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The greatest modern critics have laid it down as a rule, that an heroic


should be founded upon some important precept of morality, adapted to the constitution of the country in which the poet writes. Homer and Virgil have formed their plans in this view. As Greece was a collection of many governments, who suffered very much among themselves, and gave the Persian emperor, who was their common enemy, many advantages over them by their mutual jealousies and animosities, Homer, in order to establish among them an union, which was so necessary for their safety, grounds his poem upon the discords of the several Grecian princes who were engaged in a confederacy against an Asiatic prince, and the several advantages which the enemy gained by such their discords. At the time the poem we are now treating of was written, the dissensions of the barons, who were then so many petty princes, ran very high, whether they quarrel. led among themselves, or with their neighbours, and produced unspeakable calamities to their country: the poet, to deter men from such unnatural contentions, describes a bloody battle, and dreadful scene of death, occasioned by the mutual feuds which reigned in the families of an English and Scotch nobleman: that he designed this for the instruction of his poem, we may learn from his four last lines, in which, after the example of the modern tragedians, he draws from it a precept for the benefit of his readers.

God save the king, and bless the land

In plenty, joy, and peace;
And grant henceforth that foul debate

'Twixt noblemen may cease. The next point observed by the greatest heroic poets, hath been to celebrate persons and actions which do honour to their country ; thus Virgil's hero was the founder of Rome, Homer's a prince of Greece ; and for this reason Valerius Flaccus and Statius, who were both Romans, might be justly derided for having chosen the expedition of the Golden Fleece, and the wars of Thebes, for the subjects of their epic writings.

The poet before us has not only found out an hero in his own country, but raises the reputation of it by several beautiful incidents. The English are the first who take the field, and the last who quit it. The English bring only fifteen hundred to the battle, and the Scotch two thousand. The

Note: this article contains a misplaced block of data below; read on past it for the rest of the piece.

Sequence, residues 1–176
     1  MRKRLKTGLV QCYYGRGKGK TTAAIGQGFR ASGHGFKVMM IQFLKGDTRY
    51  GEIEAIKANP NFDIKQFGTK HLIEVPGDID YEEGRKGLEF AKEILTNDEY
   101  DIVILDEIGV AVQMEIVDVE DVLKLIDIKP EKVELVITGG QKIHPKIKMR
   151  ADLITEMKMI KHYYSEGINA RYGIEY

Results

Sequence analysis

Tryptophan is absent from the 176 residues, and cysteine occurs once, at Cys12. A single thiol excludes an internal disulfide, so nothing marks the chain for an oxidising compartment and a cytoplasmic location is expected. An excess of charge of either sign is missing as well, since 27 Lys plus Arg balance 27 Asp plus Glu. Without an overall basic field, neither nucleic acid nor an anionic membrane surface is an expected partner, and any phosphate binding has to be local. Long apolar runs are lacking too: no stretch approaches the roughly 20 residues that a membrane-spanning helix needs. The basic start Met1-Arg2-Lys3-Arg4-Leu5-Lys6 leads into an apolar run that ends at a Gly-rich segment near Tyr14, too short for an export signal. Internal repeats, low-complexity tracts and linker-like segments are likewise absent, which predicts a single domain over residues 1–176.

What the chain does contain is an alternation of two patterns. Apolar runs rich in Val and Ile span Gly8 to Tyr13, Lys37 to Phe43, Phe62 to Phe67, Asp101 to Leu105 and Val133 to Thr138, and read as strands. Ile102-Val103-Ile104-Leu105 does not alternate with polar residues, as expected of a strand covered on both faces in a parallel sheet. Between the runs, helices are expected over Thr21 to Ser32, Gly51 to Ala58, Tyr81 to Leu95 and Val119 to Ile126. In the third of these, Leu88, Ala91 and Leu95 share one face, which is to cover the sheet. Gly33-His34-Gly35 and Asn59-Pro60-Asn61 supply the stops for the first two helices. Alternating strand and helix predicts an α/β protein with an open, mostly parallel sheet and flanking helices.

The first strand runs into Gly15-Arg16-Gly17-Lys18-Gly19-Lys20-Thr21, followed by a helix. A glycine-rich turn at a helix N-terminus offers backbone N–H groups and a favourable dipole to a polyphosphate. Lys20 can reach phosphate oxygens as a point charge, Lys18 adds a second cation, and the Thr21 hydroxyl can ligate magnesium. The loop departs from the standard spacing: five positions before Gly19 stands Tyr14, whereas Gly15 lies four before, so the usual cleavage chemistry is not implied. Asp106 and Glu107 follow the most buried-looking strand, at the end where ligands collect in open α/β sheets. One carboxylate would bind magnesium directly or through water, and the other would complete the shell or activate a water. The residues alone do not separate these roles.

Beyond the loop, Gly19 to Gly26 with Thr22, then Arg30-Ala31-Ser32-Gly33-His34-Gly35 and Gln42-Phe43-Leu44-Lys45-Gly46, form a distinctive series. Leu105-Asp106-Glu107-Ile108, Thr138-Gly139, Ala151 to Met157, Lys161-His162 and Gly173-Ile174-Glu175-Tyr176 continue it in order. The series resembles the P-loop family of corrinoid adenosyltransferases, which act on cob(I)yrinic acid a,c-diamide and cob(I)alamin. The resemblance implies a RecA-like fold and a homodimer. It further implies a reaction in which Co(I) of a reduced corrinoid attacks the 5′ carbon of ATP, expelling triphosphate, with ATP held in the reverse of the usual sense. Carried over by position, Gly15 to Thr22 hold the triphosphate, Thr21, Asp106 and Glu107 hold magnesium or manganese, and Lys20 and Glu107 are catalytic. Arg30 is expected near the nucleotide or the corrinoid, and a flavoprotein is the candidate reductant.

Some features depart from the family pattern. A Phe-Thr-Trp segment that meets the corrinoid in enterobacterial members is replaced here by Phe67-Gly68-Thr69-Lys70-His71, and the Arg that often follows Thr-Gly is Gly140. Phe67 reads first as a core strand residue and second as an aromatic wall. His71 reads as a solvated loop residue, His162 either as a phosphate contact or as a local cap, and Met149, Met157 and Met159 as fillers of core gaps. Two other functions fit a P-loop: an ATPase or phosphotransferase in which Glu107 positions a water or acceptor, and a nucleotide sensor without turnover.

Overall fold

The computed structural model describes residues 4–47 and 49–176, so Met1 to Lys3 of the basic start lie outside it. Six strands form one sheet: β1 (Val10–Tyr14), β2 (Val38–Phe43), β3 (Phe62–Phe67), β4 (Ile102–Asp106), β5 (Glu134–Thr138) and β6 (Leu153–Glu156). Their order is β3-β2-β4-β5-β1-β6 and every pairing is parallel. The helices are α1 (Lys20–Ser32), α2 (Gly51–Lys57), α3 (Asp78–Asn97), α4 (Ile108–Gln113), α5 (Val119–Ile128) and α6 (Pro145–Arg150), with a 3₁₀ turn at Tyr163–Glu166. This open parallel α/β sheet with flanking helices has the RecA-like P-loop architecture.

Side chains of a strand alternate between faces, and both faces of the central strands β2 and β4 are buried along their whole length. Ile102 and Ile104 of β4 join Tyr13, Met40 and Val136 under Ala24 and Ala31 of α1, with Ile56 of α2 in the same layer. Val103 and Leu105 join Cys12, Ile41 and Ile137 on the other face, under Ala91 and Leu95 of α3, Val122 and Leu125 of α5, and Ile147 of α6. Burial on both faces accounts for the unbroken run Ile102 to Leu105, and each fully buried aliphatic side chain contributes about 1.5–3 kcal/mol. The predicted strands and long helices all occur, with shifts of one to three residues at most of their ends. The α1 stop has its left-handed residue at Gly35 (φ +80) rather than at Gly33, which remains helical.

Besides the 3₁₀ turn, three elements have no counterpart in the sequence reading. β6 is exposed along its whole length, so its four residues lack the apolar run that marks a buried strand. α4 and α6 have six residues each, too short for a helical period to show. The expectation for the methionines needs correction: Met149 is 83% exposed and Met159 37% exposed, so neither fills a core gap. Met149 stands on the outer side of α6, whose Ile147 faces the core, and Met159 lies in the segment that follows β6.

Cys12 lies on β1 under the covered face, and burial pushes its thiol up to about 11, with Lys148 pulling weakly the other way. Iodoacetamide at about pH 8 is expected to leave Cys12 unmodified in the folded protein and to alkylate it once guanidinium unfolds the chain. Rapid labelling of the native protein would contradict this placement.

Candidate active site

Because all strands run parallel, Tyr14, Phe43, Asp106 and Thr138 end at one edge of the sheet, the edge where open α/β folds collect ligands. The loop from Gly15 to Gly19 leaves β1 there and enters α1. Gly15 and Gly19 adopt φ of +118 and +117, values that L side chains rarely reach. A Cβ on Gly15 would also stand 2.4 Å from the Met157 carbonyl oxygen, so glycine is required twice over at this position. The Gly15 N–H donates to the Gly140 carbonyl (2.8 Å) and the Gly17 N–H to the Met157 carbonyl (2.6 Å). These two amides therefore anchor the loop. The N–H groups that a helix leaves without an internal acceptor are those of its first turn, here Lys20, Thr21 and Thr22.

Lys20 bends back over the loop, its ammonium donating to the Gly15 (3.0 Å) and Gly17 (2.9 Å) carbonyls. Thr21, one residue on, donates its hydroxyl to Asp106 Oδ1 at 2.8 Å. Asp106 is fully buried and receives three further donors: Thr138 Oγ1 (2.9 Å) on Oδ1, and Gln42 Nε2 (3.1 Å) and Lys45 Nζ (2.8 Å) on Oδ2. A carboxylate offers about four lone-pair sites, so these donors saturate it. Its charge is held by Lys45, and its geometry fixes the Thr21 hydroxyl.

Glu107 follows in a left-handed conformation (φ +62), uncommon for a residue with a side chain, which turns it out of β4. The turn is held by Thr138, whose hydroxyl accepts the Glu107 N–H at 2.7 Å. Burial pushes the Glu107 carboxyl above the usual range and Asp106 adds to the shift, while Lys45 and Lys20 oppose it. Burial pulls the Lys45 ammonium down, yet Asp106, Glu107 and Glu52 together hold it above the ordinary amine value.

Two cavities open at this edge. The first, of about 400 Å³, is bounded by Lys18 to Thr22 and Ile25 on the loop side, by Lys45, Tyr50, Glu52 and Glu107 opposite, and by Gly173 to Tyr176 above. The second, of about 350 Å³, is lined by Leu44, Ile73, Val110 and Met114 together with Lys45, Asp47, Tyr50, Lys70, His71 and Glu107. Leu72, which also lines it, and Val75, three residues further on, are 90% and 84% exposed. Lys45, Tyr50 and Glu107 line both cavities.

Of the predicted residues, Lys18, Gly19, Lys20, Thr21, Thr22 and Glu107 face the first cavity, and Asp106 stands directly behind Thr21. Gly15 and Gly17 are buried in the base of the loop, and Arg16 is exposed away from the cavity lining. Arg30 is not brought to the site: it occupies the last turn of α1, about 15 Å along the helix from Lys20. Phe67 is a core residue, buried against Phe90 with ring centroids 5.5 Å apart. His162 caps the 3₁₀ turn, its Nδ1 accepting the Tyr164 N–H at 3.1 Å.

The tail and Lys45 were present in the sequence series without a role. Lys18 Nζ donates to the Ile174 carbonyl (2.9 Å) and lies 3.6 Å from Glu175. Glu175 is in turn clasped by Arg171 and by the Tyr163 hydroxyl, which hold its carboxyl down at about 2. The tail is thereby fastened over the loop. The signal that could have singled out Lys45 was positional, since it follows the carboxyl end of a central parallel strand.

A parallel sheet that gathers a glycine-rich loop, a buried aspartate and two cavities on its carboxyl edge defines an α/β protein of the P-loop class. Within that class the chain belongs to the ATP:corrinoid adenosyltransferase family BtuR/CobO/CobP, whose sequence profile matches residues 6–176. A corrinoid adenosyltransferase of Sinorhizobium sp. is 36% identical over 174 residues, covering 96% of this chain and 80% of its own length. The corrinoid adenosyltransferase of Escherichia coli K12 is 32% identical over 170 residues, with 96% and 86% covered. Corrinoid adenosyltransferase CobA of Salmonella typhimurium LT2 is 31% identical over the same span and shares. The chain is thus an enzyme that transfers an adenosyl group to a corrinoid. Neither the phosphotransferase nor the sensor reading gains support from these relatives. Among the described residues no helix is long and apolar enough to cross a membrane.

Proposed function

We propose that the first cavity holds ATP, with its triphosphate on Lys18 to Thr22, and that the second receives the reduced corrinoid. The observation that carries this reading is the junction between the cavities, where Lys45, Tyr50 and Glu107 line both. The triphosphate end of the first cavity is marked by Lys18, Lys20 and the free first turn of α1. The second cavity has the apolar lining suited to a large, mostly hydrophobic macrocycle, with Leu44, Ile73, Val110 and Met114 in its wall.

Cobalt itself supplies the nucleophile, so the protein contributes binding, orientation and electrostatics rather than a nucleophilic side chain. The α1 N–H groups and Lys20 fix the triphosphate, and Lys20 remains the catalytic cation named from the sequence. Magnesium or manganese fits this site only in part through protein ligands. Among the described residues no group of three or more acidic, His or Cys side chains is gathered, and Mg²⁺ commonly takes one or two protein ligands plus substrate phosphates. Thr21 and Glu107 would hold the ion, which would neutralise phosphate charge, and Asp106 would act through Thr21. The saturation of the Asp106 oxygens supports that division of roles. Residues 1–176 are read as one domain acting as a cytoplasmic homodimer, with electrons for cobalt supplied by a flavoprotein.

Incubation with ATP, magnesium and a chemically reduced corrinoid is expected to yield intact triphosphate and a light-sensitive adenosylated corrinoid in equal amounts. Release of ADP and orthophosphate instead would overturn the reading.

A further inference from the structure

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English kept the field with fifty-three : the Scotch retire with fifty-five: all the rest on each side being slain in battle. But the most remarkable circumstance of this kind, is the different manner in which the Scotch and English kings receive the news of this fight, and of the great men’s deaths who command it.

This news was brought to Edinburgh,

Where Scotland's King did reign,
That brave Earl Douglas suddenly

Was with an arrow slain.
Oh heavy news, King James did say;

Scotland can witness be,
I have not any captain more

Of such account as he.
Like tidings to King Henry came

Within as short a space,
That Piercy of Northumberland

Was slain in Chevy-Chase.
Now God be with him, said our King,

Sith 'twill no better be,
I trust I have within my realm

Five hundred as good as he.
Yet shall not Scot nor Scotland say

But I will vengeance take,
And be revenged on them all

For brave Lord Piercy's sake.
This vow full well the King performed

After on Humble-down;
In one day fifty knights were slain,

With lords of great renown.
And of the rest of small account

Did many thousands dye, &c. At the same time that our poet shows a laudable partiality to his countrymen, he represents the Scots after a manner not unbecoming so bold and brave a people.

Earl Douglas on a milk-white steed,

Most like a baron bold,
Rode foremost of the company,

Whose armour shone like gold. His sentiments and actions are every way suitable to an hero. One of us two, says he, must die : I am an earl as well as yourself, so that you can have no pretence for refusing the combat: however, says he, 'tis pity, and indeed would be a sin, that so many innocent men should perish for our sakes, rather let you and I end our quarrel in single fight.


Ere thus I will out-braved be,

One of us two shall die.
I know thee well, an Earl thou art,

Lord Piercy, so am I.
But trust me, Piercy, pity it were,

And great offence, to kill
Any of these our harmless men,

For they have done no ill.
Let thou and I the battle try,

And set our men aside.
Accurst be he, Lord Piercy said,

By whom this is deny’d. When these brave men had distinguished themselves in the battle, and in single combat with each other, in the midst of a generous parley, full of heroic sentiments, the Scotch earl falls ; and with his dying words encourages his men to revenge his death, representing to them as the most bitter circumstances of it, that his rival saw him fall.

With that there came an arrow keen

Out of an English bow,
Which struck Earl Douglas to the heart

A deep and deadly blow.
Who never spoke more words than these,

Fight on my merry men all,
For why, my life is at an end,